In simplest terms, tomato concassé are small diced tomatoes with no skin and no seeds. There’s a seven-step procedure to make these most efficiently and there are plenty of recipes where using tomato concassée is better than just adding tomatoes that you’ve chopped quickly on a cutting board. Not only can the seeds and skin of a tomato be bitter and effect the flavor of the food, but they also are unsightly in many food preparations and can be unpleasant to eat. By removing them before adding them to stews, soups and sauces you enhance the flavor, appearance and experience of the food you’re making. All good reasons, right?
The first step in making tomato concassé is to core the tomatoes. I use a paring knife for this, circling the stem and removing the bitter, white core.
The next step is to make an “X” in the bottom of the tomato. Try to slice just the skin and not too much of the flesh. It is scoring that allows the peel to easily pull away from the flesh of the tomato in the next step.
To blanch something means to submerge it in boiling water for a short period of time. Add your cored and scored tomatoes to boiling water and stand by. It won’t take long for the peel to start to pull away from the tomato and you will see this happen. How long it takes (1 to 3 minutes) will depend on how ripe your tomatoes are.
Shocking is a step that usually comes right after blanching and no, shocking your tomatoes does not mean yelling “BOO” at them. It refers to transferring food to a very cold ice water bath to change the temperature of the food drastically and stop the cooking process. Remove the tomatoes from the boiling water and submerge them completely in a bowl of ice water.
The tomatoes don’t need to stay in the ice bath for long – just long enough to bring their temperature back down again. Remove them from the ice bath and use a paring knife to peel away the skin. The skin can be put into your compost bin, but it is generally too bitter to use for cooking purposes.
Once you’ve peeled your tomatoes, it’s time to quarter them and seed them. If the tomatoes are a bit pithy and white (as these tomatoes are), cut away all the inside of the tomato. If, on the other hand, the tomatoes are beautifully red inside, simply scoop the seeds out with your fingers and use the entire tomato flesh in the next step.
How you chop your tomatoes depends entirely on how you intend to use them. Traditionally, tomato concassé is finely diced, but you might not need to go to that trouble. If you’re making a marinara sauce, you might be quite happy to have large pieces of tomato in the sauce. Decide what size is important for you and chop accordingly.
While there are seven steps to making tomato concassé, none of these steps are particularly difficult and the result can be a much better ingredient to add to your recipes. Incidentally, many of these steps can be used on other fruit too. Scoring, blanching and shocking is the best way to peel peaches, plums and apricots too. You might be inclined to think that grabbing your peeler is a better way to go, but I promise you it is not. A peeler will take off too much of the flesh with the skin and it’s amazing how quickly fruit like this become very slippery. Make sure to make tomato concassé at least once in your culinary life. You never know… you might just find the whole process quite therapeutic, and much cheaper than therapy!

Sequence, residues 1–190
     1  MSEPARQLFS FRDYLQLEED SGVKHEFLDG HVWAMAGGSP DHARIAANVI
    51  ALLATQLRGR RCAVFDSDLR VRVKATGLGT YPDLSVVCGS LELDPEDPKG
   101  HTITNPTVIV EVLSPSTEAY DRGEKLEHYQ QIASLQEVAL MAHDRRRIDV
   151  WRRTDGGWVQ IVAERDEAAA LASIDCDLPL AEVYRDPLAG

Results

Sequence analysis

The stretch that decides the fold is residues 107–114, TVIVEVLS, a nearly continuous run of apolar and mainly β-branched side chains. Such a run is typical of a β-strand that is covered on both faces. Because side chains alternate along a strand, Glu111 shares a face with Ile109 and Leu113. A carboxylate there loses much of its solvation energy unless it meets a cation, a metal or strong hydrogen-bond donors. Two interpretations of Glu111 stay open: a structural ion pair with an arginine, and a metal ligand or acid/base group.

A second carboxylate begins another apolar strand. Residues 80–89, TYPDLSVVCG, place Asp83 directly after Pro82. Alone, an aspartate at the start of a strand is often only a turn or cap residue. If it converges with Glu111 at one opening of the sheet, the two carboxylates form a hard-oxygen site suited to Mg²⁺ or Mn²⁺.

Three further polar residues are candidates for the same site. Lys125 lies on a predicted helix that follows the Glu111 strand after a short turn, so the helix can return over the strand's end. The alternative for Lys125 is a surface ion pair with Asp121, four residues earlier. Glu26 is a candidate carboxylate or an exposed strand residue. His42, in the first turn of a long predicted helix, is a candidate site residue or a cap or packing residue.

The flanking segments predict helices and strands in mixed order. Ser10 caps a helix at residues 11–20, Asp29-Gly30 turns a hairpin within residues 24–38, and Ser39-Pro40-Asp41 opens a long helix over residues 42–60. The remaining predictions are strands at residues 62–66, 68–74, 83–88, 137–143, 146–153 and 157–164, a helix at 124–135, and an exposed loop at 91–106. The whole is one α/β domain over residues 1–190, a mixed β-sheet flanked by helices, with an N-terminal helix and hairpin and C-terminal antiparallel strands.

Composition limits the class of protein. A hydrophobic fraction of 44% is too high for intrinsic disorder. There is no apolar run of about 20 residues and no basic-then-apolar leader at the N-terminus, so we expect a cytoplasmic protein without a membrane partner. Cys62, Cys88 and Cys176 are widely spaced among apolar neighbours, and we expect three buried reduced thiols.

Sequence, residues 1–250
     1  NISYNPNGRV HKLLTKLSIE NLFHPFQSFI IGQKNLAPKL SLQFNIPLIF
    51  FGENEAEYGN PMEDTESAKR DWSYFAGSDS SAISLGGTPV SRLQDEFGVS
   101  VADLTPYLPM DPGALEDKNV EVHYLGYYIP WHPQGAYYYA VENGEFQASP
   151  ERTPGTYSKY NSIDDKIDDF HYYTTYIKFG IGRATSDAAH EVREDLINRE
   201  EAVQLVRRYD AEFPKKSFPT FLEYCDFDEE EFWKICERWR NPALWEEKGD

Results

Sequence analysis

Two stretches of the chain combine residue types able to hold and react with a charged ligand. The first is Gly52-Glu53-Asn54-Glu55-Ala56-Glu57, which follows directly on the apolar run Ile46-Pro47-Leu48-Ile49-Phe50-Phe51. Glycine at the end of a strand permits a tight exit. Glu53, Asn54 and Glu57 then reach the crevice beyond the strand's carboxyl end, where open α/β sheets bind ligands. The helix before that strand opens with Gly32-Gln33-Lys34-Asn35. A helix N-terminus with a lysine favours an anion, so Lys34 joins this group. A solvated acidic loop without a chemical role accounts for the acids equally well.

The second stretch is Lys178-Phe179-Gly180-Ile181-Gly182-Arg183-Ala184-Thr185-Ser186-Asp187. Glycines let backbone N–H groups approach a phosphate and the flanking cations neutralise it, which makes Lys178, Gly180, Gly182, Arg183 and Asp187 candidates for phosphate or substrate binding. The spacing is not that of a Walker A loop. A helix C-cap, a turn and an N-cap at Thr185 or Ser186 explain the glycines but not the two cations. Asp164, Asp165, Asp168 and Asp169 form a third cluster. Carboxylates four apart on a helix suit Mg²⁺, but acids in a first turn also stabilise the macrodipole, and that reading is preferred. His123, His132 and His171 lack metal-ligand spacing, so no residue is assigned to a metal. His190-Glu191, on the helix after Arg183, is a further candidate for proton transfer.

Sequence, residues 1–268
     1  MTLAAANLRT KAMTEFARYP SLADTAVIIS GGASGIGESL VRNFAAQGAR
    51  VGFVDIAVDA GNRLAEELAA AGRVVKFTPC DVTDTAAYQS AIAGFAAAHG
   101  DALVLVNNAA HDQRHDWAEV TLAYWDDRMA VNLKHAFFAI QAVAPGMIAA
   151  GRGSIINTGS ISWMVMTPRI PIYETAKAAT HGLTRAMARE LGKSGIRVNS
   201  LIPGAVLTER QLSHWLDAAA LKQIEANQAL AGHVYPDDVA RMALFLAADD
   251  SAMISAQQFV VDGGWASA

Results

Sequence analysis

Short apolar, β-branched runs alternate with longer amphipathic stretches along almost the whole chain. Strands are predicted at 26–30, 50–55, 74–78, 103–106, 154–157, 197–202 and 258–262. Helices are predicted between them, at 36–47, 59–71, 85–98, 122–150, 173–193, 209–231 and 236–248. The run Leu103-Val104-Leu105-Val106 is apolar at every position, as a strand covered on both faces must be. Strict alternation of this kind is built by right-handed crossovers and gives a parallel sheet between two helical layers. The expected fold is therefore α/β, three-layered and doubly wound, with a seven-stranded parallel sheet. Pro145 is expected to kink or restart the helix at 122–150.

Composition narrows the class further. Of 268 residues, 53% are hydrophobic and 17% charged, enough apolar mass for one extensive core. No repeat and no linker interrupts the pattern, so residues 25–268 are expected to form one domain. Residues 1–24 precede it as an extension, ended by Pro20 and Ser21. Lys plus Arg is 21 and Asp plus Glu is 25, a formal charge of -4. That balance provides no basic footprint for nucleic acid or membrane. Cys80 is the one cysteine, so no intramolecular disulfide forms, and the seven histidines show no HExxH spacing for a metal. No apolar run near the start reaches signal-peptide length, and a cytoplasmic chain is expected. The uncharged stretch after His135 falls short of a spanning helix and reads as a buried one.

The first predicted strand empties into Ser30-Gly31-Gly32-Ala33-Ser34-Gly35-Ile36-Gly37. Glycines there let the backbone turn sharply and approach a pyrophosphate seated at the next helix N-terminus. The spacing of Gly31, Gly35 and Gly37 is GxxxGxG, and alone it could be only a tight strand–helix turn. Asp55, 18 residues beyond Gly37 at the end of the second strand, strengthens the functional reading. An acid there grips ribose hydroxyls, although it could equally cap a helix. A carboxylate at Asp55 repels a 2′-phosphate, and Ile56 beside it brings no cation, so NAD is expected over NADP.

- Steps in making Tomato Concassée:
- Core. Remove the core of the tomato using a paring knife.
- Score. Mark an ‘X’ on the opposite side of the tomato from the core, slicing only the skin.
- Blanch. Immerse the cored, scored tomatoes in boiling water for 1 – 3 minutes, until the peel starts to pull away from the tomato.
- Shock. Immediately transfer the tomatoes to an ice water bath for about a minute.
- Peel. Remove the peel that is pulling away from the tomato flesh and discard.
- Seed. Quarter the tomatoes and either scoop out the seeds with your fingers, or remove the pithy interior and seeds with your paring knife.
- Chop. Chop the remaining tomato flesh into whatever size dice suits your purposes.
Comments (8)Post a Reply
I differ with you on one step……do not core until AFTER peeling…..might cut down on amount of liquid. Otherwise very good instructions.
Do you think this would work with imperfect tomatoes where you have to cut out soft spots BEFORE blanching? I’m going to try it with a bunch of tomatoes I got for free at the end of the season.
Yes – I think it’s a perfect use for imperfect tomatoes.
I love to dehydrate my peels then grind into tomato powder. This year when I canned 30 pounds of tomatoes I ended up with a half cup of tomato powder. Great for enriching tomato dishes that need a little extra oomph.
Great use of the peels, Rosemarie! Well done!
Mickey Ferris I disagree. The tomato is too soft and becomes mush after trying to cut the core out. Much easier doing it before steaming tomatoes.
Do you know roughly, how many Roma tomatoes you need for 6 cups chopped for the marinara sauce? I good guess will do lol! Thanks
Ps, your meatloaf recipe is the best!
Thanks Amy. For the marinara, it will depend on the size of your Roma tomatoes, of course, but about 18 to 24 Romas should give you about 6 cups.